“I don’t know how I’m going to live without you,” Frank finally said when they were on their way back to Andy’s place. The burden of all the changes sat heavily on Frank’s shoulders. By the end of the day, Frank’s apartment would no longer be his. All his furniture had been sold the day before at a garage sale and all he had left was the suitcase Andy had picked up the night before, the bag strapped over Frank’s shoulder and the clothes on his back.
“I’m serious. I have no family to run to,” Frank said. “You’re my brother and you’ll be in Japan. What if I need you? What if life starts being unfair again?”
They stopped and Andy framed Frank’s cheeks with his palms. “I’ll get on a plane. You have to do this. If not, you’ll regret it and then how miserable will you be?”
“Yeah—I feel as if I’m being tossed into the deep end, you know?”
Andy let his hands fall. “And you don’t think I’m scared? I’m terrified but I also remember how much I struggled to get here—the nights without dinner, working extra just so I could afford my books, the late-night binge study sessions after a twelve-hour shift at the shop. We’re two of the lucky ones, Frankie, my boy.”
With a smile, Frank hugged Andy tightly.
* * * *
The airport buzzed around them. From time to time, the P.A. system would come alive with static followed by a shrill voice announcing one thing or another. A few times they were looking for people who hadn’t arrived yet for their flight.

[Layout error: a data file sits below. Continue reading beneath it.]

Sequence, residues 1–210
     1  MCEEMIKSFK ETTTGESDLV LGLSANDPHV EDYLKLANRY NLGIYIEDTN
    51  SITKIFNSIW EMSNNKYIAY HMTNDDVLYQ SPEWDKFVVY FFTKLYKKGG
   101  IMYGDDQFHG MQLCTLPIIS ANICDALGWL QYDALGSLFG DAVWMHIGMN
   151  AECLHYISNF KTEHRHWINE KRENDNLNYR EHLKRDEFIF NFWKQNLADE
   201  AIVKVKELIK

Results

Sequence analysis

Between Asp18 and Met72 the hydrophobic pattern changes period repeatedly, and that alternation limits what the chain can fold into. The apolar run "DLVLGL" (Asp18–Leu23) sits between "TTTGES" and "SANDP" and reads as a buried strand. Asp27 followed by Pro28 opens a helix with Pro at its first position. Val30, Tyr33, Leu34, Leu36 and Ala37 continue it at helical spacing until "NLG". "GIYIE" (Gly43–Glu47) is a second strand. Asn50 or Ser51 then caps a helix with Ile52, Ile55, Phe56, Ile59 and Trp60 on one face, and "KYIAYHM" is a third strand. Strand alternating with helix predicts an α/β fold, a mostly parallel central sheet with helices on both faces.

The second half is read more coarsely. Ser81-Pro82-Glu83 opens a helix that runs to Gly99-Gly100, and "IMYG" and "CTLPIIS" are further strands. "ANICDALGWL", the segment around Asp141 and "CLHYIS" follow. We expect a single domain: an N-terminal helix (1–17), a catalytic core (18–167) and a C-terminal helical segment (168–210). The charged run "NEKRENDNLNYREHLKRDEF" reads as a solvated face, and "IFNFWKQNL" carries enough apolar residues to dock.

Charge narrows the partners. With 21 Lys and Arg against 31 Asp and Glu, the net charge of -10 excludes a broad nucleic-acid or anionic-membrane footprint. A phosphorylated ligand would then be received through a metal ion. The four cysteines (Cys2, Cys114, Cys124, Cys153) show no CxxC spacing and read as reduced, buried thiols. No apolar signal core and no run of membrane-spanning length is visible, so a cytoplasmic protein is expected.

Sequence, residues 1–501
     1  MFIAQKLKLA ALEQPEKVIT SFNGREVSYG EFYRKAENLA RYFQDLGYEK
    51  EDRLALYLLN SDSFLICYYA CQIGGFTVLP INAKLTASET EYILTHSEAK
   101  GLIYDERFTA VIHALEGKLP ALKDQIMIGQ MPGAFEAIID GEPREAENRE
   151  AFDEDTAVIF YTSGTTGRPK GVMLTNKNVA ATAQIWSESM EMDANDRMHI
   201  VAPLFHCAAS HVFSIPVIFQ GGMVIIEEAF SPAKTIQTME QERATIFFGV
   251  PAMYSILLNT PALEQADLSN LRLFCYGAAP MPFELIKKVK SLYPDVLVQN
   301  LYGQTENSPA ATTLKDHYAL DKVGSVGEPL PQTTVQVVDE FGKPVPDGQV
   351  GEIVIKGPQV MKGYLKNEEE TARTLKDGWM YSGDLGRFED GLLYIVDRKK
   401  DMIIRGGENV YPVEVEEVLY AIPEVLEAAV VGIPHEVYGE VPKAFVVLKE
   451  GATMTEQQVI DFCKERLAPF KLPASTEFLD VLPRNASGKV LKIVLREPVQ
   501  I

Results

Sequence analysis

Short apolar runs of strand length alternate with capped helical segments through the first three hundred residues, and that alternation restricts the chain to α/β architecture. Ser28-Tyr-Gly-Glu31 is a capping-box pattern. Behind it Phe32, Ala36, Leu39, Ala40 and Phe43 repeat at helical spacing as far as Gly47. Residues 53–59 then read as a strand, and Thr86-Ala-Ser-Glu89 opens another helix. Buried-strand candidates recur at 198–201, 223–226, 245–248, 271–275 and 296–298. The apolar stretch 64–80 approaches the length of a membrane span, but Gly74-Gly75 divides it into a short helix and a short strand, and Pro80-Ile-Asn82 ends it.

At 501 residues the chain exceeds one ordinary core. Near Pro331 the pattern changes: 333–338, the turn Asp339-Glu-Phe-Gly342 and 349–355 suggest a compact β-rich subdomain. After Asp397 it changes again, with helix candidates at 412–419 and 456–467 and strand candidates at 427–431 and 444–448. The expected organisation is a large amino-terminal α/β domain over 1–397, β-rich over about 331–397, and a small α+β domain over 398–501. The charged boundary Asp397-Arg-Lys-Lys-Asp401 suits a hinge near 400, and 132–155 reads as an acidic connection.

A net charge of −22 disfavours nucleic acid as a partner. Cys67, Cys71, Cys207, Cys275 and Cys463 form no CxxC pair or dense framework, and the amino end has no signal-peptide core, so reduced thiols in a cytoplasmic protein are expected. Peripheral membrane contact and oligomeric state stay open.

Though he tried keeping his mind active and away from what was about to happen, Frank couldn’t help gripping Andy’s hand. Andy said nothing but Frank knew Andy had been worried.
“I’m okay,” Frank said. He closed his eyes and pressed his head against the wall behind him. “Once I’m working, I’ll be good. I’ll be too busy to be freaked out.”
“I haven’t said anything because I know how nervous you’ve been…”
When Andy said nothing else, Frank waited but had to lift his head and looked at Andy. “Shimmie?”
“Yeah.” Andy’s voice cracked. “You’re going to get on that plane but before you do, we’re going to promise to talk to each other every day on Skype or FaceTime or whatever. And it’ll start out that way—last for about a month and it becomes every other day and soon we meet new friends and work starts piling up so much we’d be lucky if we saw each other once a month. Then it’ll become every Thanksgiving or Christmas—after a while, we’ll both feel ashamed and not knowing what to say to each other anymore…”